Aransas Pass* leads to a bay
On the Texas Gulf Coast. Every day,
In a salt-water file,
Ships will pass Mustang Isle
To the south; to the north, San José.
*Aransas Pass, a ship channel which leads from the Gulf of Mexico to Aransas Bay and provides access for all ocean-going ships to the port of Corpus Christi, lies between San José Island and Mustang Island, just offshore from the town of Aransas Pass, Texas. A free ferry connects this small town to the town of Port Aransas at the northern end of Mustang Island. Port Aransas advertises itself to tourists interested in salt-water fishing with the slogan, “Port Aransas, where they bite every day.”
Apache Pass, Texas
A pass is a way to get through:
At *Apache Pass, Texas, the view
Is historic—a stream's
Gravel crossing that gleams
With the dreams the old Spaniards once knew.
*In the years 1746–1749, three Spanish missions and a presidio were built near Apache Pass, a gravel bar crossing on the San Gabriel River, near the present small city of Georgetown, Texas. In 2004, the nearby farm road FM 908 was identified as part of the Upper El Camino Real, which is a National Historical Trail from Mexico to Louisiana.
Apache Pass, Ft. Bowie, Arizona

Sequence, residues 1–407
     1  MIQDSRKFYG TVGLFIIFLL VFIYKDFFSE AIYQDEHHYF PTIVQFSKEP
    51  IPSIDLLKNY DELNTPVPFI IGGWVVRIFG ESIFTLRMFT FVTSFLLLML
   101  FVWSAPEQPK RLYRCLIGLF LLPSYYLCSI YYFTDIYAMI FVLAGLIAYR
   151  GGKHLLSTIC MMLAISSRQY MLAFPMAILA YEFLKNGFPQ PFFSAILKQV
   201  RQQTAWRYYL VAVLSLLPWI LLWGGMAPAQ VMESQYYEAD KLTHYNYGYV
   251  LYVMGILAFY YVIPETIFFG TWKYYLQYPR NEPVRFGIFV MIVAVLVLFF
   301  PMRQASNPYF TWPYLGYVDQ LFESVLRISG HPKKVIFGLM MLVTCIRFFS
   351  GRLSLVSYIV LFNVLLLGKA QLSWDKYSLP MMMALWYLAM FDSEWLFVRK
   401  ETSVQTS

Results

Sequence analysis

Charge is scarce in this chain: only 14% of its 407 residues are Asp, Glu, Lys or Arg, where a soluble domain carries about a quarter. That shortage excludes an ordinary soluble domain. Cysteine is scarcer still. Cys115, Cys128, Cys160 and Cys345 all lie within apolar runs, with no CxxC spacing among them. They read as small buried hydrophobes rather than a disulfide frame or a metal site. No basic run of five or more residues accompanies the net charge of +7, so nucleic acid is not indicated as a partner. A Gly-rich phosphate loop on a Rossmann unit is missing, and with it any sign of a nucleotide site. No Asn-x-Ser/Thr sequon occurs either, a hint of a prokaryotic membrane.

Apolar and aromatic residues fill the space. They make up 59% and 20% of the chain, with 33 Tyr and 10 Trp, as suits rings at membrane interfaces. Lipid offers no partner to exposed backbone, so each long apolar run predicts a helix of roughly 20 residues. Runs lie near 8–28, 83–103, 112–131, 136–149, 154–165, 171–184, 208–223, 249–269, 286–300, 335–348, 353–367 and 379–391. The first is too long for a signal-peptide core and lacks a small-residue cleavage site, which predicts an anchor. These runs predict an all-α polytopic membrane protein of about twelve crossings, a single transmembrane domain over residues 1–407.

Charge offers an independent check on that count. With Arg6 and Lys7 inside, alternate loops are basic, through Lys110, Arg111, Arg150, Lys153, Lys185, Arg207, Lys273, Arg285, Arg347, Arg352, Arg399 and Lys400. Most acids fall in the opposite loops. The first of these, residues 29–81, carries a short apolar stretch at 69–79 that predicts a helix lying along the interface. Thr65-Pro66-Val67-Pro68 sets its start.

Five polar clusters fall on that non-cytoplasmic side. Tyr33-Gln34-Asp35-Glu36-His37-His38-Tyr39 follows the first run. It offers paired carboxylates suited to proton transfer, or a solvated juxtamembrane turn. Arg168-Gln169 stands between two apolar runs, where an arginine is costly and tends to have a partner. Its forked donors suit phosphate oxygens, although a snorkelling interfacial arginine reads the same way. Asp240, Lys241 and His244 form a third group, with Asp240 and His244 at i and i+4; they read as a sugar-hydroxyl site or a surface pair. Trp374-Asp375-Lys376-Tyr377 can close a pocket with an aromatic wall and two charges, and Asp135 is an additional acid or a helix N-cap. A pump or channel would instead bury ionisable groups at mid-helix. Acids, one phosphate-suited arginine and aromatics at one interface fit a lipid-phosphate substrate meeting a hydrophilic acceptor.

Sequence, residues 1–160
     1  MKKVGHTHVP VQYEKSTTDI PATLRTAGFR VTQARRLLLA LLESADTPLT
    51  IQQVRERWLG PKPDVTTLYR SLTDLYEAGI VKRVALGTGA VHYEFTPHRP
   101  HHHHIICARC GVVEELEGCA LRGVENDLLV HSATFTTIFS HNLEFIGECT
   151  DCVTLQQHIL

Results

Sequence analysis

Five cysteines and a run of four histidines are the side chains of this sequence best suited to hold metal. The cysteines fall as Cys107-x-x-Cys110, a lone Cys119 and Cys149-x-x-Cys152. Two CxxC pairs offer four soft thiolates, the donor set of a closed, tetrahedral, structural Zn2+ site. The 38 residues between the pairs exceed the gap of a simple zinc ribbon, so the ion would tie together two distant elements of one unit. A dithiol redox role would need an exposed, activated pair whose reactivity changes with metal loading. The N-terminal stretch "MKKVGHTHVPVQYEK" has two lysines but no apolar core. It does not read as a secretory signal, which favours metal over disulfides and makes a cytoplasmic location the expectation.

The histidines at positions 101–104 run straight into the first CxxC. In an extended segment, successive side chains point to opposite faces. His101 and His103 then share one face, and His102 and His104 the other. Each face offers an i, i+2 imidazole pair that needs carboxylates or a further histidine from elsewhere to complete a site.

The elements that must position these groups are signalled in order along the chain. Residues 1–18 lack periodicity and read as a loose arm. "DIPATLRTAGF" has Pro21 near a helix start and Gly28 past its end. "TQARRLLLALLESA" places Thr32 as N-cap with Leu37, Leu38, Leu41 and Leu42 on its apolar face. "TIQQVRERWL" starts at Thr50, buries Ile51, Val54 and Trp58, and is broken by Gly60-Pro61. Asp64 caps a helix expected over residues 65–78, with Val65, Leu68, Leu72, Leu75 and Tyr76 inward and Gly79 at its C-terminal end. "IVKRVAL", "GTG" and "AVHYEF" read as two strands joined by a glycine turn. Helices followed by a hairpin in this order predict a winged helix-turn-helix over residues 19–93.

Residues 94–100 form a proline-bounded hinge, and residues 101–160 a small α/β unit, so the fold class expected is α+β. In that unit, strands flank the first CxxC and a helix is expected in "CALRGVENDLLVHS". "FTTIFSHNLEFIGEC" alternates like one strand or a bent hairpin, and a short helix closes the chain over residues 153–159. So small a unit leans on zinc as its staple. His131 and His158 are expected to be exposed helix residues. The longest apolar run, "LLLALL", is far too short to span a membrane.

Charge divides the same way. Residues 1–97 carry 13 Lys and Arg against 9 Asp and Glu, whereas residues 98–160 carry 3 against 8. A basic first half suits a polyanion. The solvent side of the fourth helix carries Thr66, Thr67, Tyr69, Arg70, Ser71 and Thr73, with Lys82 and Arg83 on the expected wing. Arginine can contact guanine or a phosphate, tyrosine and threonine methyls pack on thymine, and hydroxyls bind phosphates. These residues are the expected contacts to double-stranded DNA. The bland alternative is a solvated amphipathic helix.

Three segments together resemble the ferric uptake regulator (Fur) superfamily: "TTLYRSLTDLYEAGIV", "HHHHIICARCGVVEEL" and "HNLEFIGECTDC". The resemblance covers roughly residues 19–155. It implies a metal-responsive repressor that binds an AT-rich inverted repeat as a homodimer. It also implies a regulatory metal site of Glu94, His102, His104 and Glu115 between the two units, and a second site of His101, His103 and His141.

Named *Apache by Spaniards, this way
(Called a pass) through the mountains still may
Enchant travelers who go
Where its spring-waters flow,
At the crossroads of history, today.
*Apache Pass is located within Ft. Bowie, Arizona, where elevations range between 4,550 and 5,250 feet. The Spaniards had established missions there, in the late 17th and early 18th centuries, because of the water available from a year-round spring. They named the place for the Apache people, within whose home in the Chiricahua Mountains it lay. In 1862 the Apache fought their only major battle against the U.S. Army at Apache Pass, being forced to withdraw in the face of the army's mountain howitzer. Ft. Bowie was built to protect this route for settlers moving west, and it is now a park, designated as a National Historic Site.
When I went to Ft. Bowie, I saw
Living history that left me in awe:
A perennial spring
Where Apache would sing
Or make love or make war down the draw.
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